Bookmark and Share
Text:AAA
Thursday, Jun 27, 2013
For good or bad, Miley Cyrus' latest music video marks the final move for the hipster sub-culture (with its appropriated hip-hop imagery) into the mainstream.

These days, it’s hard to find any pop culture artifact that isn’t almost entirely made up of allusions or references to other cultural artifacts. Originally labeled “hipster”, this postmodern pastiche of appropriated style signifiers has moved more and more into the mainstream. Just a few years ago, this smashing together of ‘60s, ‘70s, ‘80s, and ‘90s culture (in fashion and musical aesthetics) was relegated to the indie world, but, as tends to happen with subcultures, it has been co-opted by the mainstream.


Increasingly, this indie subculture has also been appropriating signifiers from other subcultures, namely urban, predominately black, hip-hop, and “ratchet” culture. This has been noted as “hipster racism” and can be seen in fashion, heard in music (the rising popularity and watering down of trap music), and seen acted out in music videos. (A less problematic relationship between indie and hip-hop can be seen in big name music festivals like Jay-Z’s Made in America, Bonnaroo, and Pitchfork Festival.)


Bookmark and Share
Text:AAA
Wednesday, Nov 30, 2011
In this third and final installment of Sound Affects' retrospective of music videos from the 1980s, we focus on 20 promos that the passage of time has been especially unkind to.

The late 1970s saw the advent of cable television and dance clubs, introducing outlets for an emerging hybrid of music and film at a time when the DIY culture that enveloped punk and New Wave encouraged experimentation. Visually inventive artists such as Devo, Laurie Anderson, and Talking Heads were among the first to recognize video as a medium to make a statement, creating pieces that could stand on their own as serious works of performance art. Visually inventive and photogenic artists such as Duran Duran, the Human League, ABC, and Adam Ant would also create arresting pieces that have stood the test of time.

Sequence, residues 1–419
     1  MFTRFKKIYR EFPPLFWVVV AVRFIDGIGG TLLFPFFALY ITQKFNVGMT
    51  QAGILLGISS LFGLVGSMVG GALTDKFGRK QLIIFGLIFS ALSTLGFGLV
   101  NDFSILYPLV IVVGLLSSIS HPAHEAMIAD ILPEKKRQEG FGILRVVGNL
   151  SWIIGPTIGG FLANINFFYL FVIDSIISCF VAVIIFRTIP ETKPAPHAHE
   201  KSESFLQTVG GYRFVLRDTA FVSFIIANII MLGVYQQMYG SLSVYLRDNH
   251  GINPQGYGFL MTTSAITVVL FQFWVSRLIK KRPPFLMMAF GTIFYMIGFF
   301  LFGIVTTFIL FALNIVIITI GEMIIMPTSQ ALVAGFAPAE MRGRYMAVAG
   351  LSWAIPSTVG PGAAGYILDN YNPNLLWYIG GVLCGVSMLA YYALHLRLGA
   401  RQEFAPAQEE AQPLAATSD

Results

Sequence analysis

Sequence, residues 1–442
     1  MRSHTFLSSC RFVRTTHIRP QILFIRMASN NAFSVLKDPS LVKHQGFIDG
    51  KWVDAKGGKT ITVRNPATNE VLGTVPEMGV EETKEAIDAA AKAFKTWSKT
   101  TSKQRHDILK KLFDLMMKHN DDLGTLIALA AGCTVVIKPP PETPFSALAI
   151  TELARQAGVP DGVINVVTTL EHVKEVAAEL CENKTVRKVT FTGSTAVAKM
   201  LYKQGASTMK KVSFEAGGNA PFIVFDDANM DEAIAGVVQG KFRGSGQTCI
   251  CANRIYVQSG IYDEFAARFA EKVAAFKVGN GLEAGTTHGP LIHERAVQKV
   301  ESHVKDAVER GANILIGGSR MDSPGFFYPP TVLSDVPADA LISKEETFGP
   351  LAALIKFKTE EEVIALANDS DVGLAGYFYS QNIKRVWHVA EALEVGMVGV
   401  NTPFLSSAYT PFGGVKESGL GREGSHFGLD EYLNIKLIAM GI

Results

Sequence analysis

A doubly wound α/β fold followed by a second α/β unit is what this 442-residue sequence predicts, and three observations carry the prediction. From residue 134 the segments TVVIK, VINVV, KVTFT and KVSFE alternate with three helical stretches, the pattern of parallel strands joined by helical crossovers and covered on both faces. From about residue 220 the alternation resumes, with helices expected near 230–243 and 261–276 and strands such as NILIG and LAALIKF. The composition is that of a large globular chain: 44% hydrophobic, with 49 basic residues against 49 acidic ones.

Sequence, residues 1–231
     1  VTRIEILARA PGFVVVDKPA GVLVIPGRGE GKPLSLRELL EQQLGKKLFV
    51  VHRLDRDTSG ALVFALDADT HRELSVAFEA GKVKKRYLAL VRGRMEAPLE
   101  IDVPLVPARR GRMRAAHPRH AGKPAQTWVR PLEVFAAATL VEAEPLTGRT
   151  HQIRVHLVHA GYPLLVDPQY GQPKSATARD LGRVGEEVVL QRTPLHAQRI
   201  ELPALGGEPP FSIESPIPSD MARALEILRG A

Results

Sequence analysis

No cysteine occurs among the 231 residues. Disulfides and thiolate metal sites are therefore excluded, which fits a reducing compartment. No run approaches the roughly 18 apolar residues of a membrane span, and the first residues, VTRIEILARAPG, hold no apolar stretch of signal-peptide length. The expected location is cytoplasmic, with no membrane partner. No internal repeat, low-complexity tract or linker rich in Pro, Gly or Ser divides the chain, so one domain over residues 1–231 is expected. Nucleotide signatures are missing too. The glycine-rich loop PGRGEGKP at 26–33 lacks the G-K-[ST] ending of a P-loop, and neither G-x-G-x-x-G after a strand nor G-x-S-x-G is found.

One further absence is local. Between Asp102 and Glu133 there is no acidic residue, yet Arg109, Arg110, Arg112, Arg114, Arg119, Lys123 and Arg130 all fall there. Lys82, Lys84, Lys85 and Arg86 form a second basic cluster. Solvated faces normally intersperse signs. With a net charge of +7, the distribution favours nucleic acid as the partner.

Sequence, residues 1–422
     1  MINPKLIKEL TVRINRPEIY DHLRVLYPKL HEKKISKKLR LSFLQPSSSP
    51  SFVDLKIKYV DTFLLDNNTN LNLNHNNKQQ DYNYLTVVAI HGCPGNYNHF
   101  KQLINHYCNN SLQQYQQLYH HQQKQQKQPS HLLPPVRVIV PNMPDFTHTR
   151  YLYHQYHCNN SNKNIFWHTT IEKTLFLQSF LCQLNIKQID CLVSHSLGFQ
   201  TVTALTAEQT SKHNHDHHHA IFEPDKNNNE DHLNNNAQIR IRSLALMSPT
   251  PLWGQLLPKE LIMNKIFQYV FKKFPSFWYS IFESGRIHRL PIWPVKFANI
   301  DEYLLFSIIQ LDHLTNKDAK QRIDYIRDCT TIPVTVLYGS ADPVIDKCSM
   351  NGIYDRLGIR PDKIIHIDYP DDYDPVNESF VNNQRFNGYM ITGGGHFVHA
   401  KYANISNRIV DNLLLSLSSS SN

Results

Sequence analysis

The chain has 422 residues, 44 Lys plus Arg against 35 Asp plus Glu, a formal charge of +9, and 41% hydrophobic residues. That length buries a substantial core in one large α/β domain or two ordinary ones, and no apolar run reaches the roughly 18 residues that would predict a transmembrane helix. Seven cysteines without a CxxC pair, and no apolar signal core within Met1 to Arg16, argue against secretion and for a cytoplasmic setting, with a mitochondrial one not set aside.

But as we noted in our previous entry in this ‘80s-theme List This series, with innovation and experimentation comes the risk of rapid obsolescence. This week’s list looks at a collection of video clips from the decade that have not aged well, bearing a distinctive look that instantly tags the work as a product of their time.


Bookmark and Share
Text:AAA
Thursday, Oct 6, 2011
In this second installment of Sound Affects' retrospective of music videos from the 1980s, we focus on 20 promos that have, remarkably, stood the test of time.

In the first part of our series spotlighting music videos in the 1980s, we took a look at some of the more unsung clips from the era. The dawning of this artistic platform was an exciting time for all involved: musicians, video directors, artists—diving head first into a new medium with little in the way of definitive standards. Working against a tabula rasa, and with low barriers to entry, the possibilities were endless. As we peer over into a mineshaft of archived content, we find a lot of quality work that held up well, and others that… um, well, you be the judge. There are a number of items that factor into a video’s obsolescence.


Bookmark and Share
Text:AAA
Thursday, Sep 1, 2011
PopMatters begins a new series examining at the widespread emergence of music video in the 1980s. From major artists like the Clash, David Bowie, and U2 to less famous brethren such as Haysi Fantayzee and Grandmaster Caz, these are the unsung videos from that decade that might have missed your attention the first time around.